Last month I had an amazing opportunity to travel to Kansas and learn about farming, something foreign to this city girl. The Kansas Farm Bureau and Kansas Soybean Commission flew 8 bloggers to Kansas City, Missouri where our #FarmFoodTour began. We boarded a mini luxury bus, along with our two hosts, a local Kansas farmer, a dietician from Kansas State University, and a 2-person film crew, who were documenting our three-day adventure.
I have to begin by saying, as someone who eats mostly Vegetarian, I wasn’t sure what to expect. Especially as I am not at all familiar with farming – whether it be animals or plants.
Our first stop on our #FarmFoodTour was 150 miles west into the state of Kansas where we met Craig and Amy Good at their pig farm, where they have been since 1981. We met some very large boar, and got up close with some newborn baby pigs. I learned the differences between a boar (an uncastrated male pig), a barrow (a castrated male pig), a gilt (a young female who has not given birth to a litter), and a sow (female pig). Their pigs eat a diet of soybeans, corn, and seaweed with some added vitamins and minerals. Their rations change throughout the different stages of their life.
It was here on the farm that we enjoyed our first meal of the trip, catered by Little Apple Brewery from Manhattan, Kansas. We enjoyed Spotted Gloucestershire Pork Tenderloin, Braised Pork Shank, and house made Currywurst. Dessert was Apple Crisp with Vanilla ice cream.
Off to our next stop in McPherson, KS – we visited Derek and Katie Sawyer’s farm. Have you ever flown across the farmland in the Central United States and noticed the giant circles on the land? Those are made by a Circular Irrigation Pivot, a machine that waters crops. We also watched a Combine Harvester machine in action. A Combine can harvest 12,000 bushels of corn an hour, or 12 truckloads.
I also learned that a single e-coli breakout can be caused by a singular bacterium the size of the top of a straight pin. That’s all it takes to wipe out an entire season of crops across the state and the country. And that can be devastating to the farming industry as most Farmers live season to season.
We settled into McPherson for the evening where we enjoyed our first dinner at Courtyard on Main, a restaurant that is open only for private events and parties. I loved the apple and blue cheese salad, along with a peppercorn filet mignon, and a berry parfait for dessert.
Day two of our #FarmFoodtTour lead us 200 miles further west into the high plains of Kansas. We first stopped at Amy and Clint France’s farm in Marienthal. Amy France was actually the farmer on our three-day tour with us. She lives in Western Kansas with her husband and children where they grow grain sorghum, soybeans, wheat, and corn. They also raise Black Angus cattle and have a flock of chickens.
Amy brought out her pink tractor (she named the tractor Gretchen) and allowed us to feed the chickens.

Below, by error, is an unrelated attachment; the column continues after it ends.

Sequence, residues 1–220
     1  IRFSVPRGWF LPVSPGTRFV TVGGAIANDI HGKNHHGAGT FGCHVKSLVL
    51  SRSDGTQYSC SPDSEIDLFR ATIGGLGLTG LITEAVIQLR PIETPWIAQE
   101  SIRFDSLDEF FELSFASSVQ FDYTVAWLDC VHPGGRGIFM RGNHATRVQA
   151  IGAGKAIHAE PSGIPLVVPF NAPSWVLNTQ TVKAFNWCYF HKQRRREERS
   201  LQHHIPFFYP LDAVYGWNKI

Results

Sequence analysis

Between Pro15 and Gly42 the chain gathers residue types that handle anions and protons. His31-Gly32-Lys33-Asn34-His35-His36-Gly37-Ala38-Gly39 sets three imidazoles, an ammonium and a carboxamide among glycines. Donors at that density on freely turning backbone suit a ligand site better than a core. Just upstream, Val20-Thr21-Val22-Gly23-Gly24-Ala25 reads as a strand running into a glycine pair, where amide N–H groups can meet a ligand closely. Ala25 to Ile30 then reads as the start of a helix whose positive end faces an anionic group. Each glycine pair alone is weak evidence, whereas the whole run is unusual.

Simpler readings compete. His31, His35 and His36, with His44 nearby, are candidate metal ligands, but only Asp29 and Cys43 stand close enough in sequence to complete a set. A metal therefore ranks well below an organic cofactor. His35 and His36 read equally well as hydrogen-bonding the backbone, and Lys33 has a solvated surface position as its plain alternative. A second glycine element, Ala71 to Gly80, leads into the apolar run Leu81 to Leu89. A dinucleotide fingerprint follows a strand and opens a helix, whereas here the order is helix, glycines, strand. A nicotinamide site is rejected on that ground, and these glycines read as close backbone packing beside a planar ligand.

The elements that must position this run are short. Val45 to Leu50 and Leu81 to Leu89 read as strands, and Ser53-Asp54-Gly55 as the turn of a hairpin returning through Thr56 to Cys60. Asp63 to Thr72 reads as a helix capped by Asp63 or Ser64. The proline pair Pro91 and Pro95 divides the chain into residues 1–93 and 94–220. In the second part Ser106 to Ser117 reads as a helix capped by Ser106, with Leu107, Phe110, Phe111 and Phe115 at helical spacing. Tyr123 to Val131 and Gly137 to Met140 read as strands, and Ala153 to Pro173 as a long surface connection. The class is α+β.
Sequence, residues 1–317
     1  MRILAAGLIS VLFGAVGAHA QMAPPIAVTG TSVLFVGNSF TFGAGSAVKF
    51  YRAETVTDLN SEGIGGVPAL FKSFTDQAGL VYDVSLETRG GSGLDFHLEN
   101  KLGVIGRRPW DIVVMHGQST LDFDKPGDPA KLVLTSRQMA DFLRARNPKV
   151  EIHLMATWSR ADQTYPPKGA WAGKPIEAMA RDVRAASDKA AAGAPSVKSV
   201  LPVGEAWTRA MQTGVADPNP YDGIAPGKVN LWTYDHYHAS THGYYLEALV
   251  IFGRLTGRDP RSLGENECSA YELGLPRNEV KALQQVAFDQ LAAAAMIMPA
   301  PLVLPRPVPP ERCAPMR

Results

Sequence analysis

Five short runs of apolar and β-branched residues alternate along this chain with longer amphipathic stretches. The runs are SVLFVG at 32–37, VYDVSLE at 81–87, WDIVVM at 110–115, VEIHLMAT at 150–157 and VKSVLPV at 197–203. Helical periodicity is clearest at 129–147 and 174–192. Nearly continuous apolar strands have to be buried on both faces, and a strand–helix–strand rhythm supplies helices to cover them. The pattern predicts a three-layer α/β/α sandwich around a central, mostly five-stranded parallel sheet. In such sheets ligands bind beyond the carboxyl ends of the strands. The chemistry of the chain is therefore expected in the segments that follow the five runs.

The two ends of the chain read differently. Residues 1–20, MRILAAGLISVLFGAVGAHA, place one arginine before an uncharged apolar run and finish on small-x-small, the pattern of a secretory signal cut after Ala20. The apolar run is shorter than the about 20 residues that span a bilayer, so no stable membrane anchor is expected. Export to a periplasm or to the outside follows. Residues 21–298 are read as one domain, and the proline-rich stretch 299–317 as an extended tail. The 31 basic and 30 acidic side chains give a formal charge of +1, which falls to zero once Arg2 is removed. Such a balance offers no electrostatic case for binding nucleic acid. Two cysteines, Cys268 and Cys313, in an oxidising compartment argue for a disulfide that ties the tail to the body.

We also visited one of her soybean fields. While I have seen soybeans in the field before, it was interesting learning that soybeans are primarily harvested for either meal fed to chickens, pigs, beef and dairy cattle; or oil which is used industrially. And here I thought soybeans were only grown to end up as my edamame appetizer at a Japanese restaurant. (Turns out edamame, while also a soybean, are grown mostly in Asia).
We were then treated to lunch at Law’s Feed Store in the small town Leoti, where the specialty is fried chicken.
Next our #FarmFoodTour visited a feedlot in Garden City, where we learned about the differences between grass fed, grass finished, and grain finished. Do you know what this means? All cattle is grass fed – the label grass fed is simply a marketing gimmick, what is important is how the beef is finished, or what the cattle eat in the last 4 months of their lives. While grass fed seems to be more desirable, grain finished is actually more desirable in high end steakhouses as the grain lends to more marbling and a better taste in general.
Our last stop of the day was at Forget-Me-Not Farms, one of my favorite stops. I have never visited a dairy farm before and it was fascinating. There are 72 cows that are milked at a time on a rotating milking wheel. Each cow rotates on the large wheel for about 5-6 minutes at a time, and are limited to milking only 2-3 times a day.
The farm can produce 8 gallon of milk per day per cow and the milk is loaded straight from the utter to one of 10 trucks a day, with each truck holding about 55,000 lbs of milk. That’s enough milk to make 150,000 pizzas a day!
We met the dairy cows out in the fields before we snacked on ice cream sandwiches.
We ended the day of our #FarmFoodTour at The Crazy Mule, a restaurant in Greensburg, Kansas, where I loved my Blackberry Grilled Cheese sandwich.
And for even more fun – read about our third and final day here –> #FarmFoodTour Day 3
*miles are approximated from stop to stop